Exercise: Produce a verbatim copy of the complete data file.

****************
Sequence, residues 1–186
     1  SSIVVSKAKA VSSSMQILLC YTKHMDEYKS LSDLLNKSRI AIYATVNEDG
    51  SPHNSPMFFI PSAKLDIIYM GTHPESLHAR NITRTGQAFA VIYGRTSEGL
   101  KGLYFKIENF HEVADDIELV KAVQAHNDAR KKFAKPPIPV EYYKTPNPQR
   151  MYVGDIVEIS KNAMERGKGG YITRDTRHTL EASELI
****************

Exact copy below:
Sequence, residues 1–186
     1  SSIVVSKAKA VSSSMQILLC YTKHMDEYKS LSDLLNKSRI AIYATVNEDG
    51  SPHNSPMFFI PSAKLDIIYM GTHPESLHAR NITRTGQAFA VIYGRTSEGL
   101  KGLYFKIENF HEVADDIELV KAVQAHNDAR KKFAKPPIPV EYYKTPNPQR
   151  MYVGDIVEIS KNAMERGKGG YITRDTRHTL EASELI